Krentz goes a long way to refute aspersions cast on the credibility of Herodotus’ account by later historians, and effectively defends the ancient historian’s version of events. Krentz’s key argument is that Athenian hoplites could indeed have “run” (defined as jogging at ca. 4.5 miles per hour or more) for one mile across a plain in full battle gear. He also does an excellent job of explaining why this would have been desirable. His analysis of the battle itself is altogether convincing and plausible.
Another outstanding feature of the book is the illustrations. The maps, charts and reproductions of contemporary art illustrate the points made in the text cogently. The variety of images, far more diverse that the standard fare found in most books on the topic, is impressive. I came away better able to visualize Persian forces, something I have long wanted to do. Indeed, Krentz’s impressive collection of contemporary art showing Persian warriors shames other sources that singularly fail to make it possible to imagine how these fierce fighters dressed and fought.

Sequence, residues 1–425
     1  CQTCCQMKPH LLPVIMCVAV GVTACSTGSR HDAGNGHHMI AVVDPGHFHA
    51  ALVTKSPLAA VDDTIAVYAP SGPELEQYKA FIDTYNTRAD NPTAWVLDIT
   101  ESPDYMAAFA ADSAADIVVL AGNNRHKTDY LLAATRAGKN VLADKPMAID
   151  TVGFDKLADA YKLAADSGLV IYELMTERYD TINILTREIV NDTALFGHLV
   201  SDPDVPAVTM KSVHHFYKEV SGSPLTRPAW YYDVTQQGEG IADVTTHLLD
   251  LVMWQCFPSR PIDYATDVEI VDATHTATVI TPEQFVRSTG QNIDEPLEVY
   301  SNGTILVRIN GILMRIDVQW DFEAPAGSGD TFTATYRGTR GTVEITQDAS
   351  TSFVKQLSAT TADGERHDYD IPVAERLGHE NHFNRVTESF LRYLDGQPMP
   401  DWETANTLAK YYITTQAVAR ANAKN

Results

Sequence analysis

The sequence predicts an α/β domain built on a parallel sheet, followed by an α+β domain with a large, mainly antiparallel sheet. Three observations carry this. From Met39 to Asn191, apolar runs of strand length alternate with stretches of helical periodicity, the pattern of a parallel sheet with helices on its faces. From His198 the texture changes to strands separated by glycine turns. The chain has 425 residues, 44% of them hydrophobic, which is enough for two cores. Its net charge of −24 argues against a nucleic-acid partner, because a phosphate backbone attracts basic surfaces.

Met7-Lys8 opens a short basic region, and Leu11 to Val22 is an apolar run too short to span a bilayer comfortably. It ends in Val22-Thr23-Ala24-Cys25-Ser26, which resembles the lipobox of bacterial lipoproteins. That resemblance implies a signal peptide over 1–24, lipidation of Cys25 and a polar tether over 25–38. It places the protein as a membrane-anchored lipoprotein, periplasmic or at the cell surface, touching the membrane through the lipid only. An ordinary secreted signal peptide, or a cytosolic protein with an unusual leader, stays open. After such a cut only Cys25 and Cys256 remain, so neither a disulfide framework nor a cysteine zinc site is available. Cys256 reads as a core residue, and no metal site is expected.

Yet, while Krentz’s book is a good reference, it is not a narrative. Anyone interested in the tale of Marathon will be disappointed. Krentz provides some skeletal, biographical facts about the key actors in the drama, but fails to describe or even sketch the personality of any of the leaders, not even Miltiades, much less bring them to life. He outlines the causes of the conflict, without conveying a sense of the “life and times,” or the society and issues at stake in a way that makes the reader identify with the protagonists. Most important, despite its merits, this book is evidently not intended (and so not constructed) to arouse emotions or create suspense. Maybe I am too much of a novelist, but I firmly believe it is possible – and more effective - to tell the story of Marathon in a way that is not only 100% accurate, but also exciting, moving and inspiring.